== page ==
A National Priority for Undergraduate Education

“Nearly 90 percent of all high school graduates enroll in college classes during their early adulthood. However, a much smaller percentage of Americans—an unacceptably small percentage—actually complete the education they start. By one measure, about 60 percent of students who pursue a bachelor’s degree complete one. And about 30 percent who pursue a certificate or associate’s degree earn the credentials they seek.

from The Future of Undergraduate Education, The Future of America (American Academy of Arts & Sciences)

  • The American Academy’s Commission on the Future of Undergraduate Education established Increasing Completion and Reducing Inequalities as a National Priority and proposes an array of recommendations for colleges, universities, and policy-makers.   

  • Colleges and universities must make completion a top institutional priority, with a clear focus on understanding the diverse needs of students. Institutional resource allocation decisions must be viewed through the lens of whether investments are likely to increase student completion without compromising quality.  

  • Priorities include: better data collection to enable institution-specific insights; providing students with opportunities to make meaningful, personalized connections with faculty and staff; paying more attention to understanding and assisting students from groups with the lowest completion rates; and expanding experimentation with and research on guided pathways designs. 

  • Florida State has made a long term commitment to helping students succeed and graduate at higher rates.
  • Enrollment Management Taskforce: For the past 20 years, a group of about 20 administrators from all facets of campus has met every two weeks to discuss the university’s strategic investments in areas such as tutoring and academic advising and coaching. They represent offices such as advising, admissions, institutional research — and even parking services.
  • Data-Driven Approach: Armed with data on Florida State’s students, they pinpoint the reasons why students aren’t returning to school or graduating. Then, they design solutions and make investments that help students succeed at higher rates.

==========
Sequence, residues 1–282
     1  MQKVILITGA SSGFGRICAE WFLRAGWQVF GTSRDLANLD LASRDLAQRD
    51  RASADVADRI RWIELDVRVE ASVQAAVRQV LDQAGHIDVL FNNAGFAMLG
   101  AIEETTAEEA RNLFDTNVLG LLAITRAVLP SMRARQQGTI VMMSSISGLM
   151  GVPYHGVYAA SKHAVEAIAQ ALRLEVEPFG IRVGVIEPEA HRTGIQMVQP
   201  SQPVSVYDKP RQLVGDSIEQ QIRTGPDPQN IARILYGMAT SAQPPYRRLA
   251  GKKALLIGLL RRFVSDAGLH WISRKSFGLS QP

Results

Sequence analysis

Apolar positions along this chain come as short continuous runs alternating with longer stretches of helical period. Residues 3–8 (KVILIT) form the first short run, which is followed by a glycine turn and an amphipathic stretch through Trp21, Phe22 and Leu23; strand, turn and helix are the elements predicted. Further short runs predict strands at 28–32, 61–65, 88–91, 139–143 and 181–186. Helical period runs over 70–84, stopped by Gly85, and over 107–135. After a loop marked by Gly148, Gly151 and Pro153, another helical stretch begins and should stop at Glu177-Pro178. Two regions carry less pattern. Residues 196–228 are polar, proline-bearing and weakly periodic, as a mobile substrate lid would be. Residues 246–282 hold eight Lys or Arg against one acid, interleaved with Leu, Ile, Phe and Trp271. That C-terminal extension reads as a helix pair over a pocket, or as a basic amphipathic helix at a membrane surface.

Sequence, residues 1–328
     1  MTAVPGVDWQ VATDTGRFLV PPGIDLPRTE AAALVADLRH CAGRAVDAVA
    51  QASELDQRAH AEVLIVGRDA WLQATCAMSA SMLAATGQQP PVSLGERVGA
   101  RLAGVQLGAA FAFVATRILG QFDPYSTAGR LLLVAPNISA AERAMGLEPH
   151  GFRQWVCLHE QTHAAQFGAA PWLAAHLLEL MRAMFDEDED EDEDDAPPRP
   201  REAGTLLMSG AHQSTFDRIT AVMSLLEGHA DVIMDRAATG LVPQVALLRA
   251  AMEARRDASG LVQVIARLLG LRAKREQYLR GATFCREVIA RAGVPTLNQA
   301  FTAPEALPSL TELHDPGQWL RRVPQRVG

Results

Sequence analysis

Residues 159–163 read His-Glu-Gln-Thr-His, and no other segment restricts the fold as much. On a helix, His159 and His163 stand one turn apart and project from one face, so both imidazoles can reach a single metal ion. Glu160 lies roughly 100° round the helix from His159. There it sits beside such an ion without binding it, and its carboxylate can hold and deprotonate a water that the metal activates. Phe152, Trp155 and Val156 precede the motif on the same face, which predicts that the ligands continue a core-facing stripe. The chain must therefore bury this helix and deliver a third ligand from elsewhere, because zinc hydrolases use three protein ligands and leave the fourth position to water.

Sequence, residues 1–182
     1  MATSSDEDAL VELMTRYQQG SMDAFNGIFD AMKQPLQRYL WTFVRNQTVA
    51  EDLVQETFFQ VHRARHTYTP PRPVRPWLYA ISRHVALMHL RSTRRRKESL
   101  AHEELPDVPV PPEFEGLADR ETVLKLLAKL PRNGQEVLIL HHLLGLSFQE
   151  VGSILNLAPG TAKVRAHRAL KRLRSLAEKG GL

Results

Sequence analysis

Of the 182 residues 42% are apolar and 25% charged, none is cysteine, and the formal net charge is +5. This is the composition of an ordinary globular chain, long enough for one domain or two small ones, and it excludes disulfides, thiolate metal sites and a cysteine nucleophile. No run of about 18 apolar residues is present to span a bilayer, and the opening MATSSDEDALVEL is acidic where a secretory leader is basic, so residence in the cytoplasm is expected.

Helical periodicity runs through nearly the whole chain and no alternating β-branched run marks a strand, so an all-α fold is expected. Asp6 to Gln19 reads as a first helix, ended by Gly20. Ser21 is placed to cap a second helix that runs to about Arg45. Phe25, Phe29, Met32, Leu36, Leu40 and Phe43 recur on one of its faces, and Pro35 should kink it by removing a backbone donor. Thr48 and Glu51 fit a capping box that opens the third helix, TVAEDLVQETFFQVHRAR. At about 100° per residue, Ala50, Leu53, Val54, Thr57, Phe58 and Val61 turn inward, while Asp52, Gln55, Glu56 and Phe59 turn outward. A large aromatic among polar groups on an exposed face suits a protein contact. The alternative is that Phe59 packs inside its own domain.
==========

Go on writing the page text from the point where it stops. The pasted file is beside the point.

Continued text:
• Six-Pillar Strategy: The result is a six-pillar strategy to support students along their path to graduation, as well as challenge and engage them through targeted programs.
    • Success Team Behind Every Student
    • Learning Communities
    • A Redesigned Curriculum
    • Experiential and Global Learning
    • Leadership and Personal Development
    • College to Career
  • Investment: Florida State’s investment in its student support team has included nearly 100 new hires, more than 20 new programs and initiatives such as experiential learning and undergraduate research, and cutting-edge applications and software that guide the data-driven approach.  
  • The Center for Academic Retention & Enhancement (CARE) is one Florida State program that addresses particular interests and challenges of a unique and at-risk population. CARE is nationally recognized for providing first-generation and underrepresented students with the necessary tools, resources and support network they need to flourish in the collegiate environment. 
  • Results: 
    • Of the freshmen who entered the university in 2014, 72 percent graduated in four years. By comparison, 49 percent of freshmen who started at Florida State in 2005 graduated in four years. Florida State’s six-year graduation has steadily risen to 83 percent, and the university’s first-year retention rate has climbed to 94 percent. 
    • Florida State has eliminated disparities in graduation and retention rates among its diverse undergraduate population, which includes nearly a third who are Pell Grant recipients and first-generation college students. 
    • Florida State has achieved these results efficiently. Florida has the second-lowest state tuition in the nation.